Also [depicted] in [“Word, Sound and Power”] there are these young women who are dancing in the movie; I think [they were called] the “Soul Syndicate Fan Club.” Can you explain a little bit what that was?
The Soul Syndicate Fan Club would go around [Jamaica] and dance, and win contests. Now [there were] two girls [who were part of the fan club]—they are twins—that’s Fully [Fullwood]’s nieces; Fully’s brother’s daughters. They would dance and win contests.

Awesome. Now Tony, this is little bit off of topic, but I still want to ask it [anyway]. Reggae star Cocoa Tea wrote a popular song about Barack Obama, though he has since told me in an interview that he regrets it. He sang it around the time of the elections—
Did you [ever] hear my Barack Obama song (“God Bless America w/Barack Obama”)?

(Laughing) No! You have one?
(Laughing) What di heck!? Boy—

I’ve never heard your Barack Obama song.
I’ve gotta to send it to you; it’s on YouTube. When he won the presidency, I got inspired, and I wrote it.

You have to send it to me. I didn’t know you had one, [too]. But do you know the song I am talking about [by] Cocoa Tea?
Yeah, I know the one.

So Cocoa Tea wrote that, and he told me that, ultimately, he regrets it. Because he kinda felt let down by Obama, because Obama didn’t end the wars. And Cocoa Tea said he felt Obama should have done more to end the wars [the U.S. was embroiled in]. So [ultimately] he regretted writing that song. But do you think reggae artists should speak out about U.S. politics and political candidates in their music, and also, when they’re at a show or onstage, if they have the chance, and the platform[, should they do so then also]? And does [the answer to that] depend on whether they live in the United States—like you, and Fully, and Santa do—or not?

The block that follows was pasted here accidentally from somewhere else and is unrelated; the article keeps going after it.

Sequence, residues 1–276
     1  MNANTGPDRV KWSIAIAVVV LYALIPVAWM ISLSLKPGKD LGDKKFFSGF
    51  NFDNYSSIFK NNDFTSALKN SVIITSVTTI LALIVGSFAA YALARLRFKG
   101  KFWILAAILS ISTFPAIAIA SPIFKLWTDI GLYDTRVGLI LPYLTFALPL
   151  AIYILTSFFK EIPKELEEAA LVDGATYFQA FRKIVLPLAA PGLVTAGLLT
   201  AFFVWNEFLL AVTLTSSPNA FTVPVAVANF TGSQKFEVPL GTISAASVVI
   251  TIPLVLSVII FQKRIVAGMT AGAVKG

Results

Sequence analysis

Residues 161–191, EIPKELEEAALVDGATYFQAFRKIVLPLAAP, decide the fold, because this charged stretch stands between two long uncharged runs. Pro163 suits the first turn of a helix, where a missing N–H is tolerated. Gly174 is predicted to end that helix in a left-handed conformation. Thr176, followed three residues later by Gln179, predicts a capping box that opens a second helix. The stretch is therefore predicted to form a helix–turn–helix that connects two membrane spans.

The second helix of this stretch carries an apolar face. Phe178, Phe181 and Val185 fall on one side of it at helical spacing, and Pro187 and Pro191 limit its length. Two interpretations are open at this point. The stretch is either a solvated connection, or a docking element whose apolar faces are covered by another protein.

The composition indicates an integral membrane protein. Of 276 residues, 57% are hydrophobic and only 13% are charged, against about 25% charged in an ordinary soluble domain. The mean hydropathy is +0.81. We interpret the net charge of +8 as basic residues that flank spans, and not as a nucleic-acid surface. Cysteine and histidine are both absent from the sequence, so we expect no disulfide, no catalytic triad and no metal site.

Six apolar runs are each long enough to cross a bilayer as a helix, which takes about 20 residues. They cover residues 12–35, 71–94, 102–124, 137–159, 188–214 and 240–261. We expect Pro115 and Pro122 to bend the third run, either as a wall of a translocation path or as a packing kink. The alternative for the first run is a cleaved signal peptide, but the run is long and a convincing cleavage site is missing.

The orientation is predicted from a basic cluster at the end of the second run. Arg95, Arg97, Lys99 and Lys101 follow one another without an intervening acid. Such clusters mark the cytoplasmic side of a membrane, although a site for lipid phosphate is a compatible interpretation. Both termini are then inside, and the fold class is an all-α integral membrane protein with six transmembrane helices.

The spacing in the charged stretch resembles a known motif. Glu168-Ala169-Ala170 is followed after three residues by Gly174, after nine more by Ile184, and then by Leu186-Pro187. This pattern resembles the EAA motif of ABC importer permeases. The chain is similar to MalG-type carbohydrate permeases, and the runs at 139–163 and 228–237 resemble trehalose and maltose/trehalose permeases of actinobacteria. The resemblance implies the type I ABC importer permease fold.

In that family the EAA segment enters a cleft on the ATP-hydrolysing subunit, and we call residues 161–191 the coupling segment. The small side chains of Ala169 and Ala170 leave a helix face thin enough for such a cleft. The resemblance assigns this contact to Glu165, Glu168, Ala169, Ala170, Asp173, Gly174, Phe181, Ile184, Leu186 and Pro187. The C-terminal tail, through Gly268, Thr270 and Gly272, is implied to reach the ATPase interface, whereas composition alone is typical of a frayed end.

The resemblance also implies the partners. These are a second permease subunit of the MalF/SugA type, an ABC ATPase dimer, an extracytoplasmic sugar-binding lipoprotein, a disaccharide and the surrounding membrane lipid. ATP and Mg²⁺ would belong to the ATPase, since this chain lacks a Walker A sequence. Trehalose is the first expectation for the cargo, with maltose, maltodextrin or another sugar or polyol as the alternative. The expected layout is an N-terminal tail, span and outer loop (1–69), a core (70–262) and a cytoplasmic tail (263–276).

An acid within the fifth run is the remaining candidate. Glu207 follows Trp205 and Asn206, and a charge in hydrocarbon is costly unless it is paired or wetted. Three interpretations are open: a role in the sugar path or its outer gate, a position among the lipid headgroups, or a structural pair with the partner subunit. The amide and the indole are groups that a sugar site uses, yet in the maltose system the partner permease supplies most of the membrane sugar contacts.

Well you don’t have to talk about just U.S. politics, politics is all over the world. What reggae artists should do [and sing about] is politics in the world all over.

Fair enough. [But] I’m not gonna let you escape [the question] like that—that’s too easy. Because I agree with you. Politics has always been, from Bob Marley to Burning Spear, politics has always been a theme [in reggae music]. So the reason why I’m asking is because [the political situation] in the U.S. is starting to heat up. [And so,] should reggae stars, in today’s era, should they, and do they have an obligation to, in their music, and whenever they have a chance to when they are onstage, talking to a crowd or whatever, should they inject—
Yeah mon, they should inject politics in the music. But onstage, in a concert, they can’t all the time bring that up. But in the music they’re recording, they gotta inject what’s going on.

Do they have a moral duty to do that?
Yeah mon. Because in reggae we are singing about what is going on in life.

About truth and rights?
Yeah, and [about] equal rights.

So relatedly, I’m gonna ask: Do reggae artists have an obligation and a moral duty to speak out against [President] Donald Trump specifically—to try and prevent his re-election?
In the music, not onstage.

That’s interesting, they don’t want to hear you—
Because the people that come to concerts, they don’t want to hear you preach; they want to hear di music. You know I wrote a song about Donald Trump? It’s called “President Tweet.” I’ll send it to you.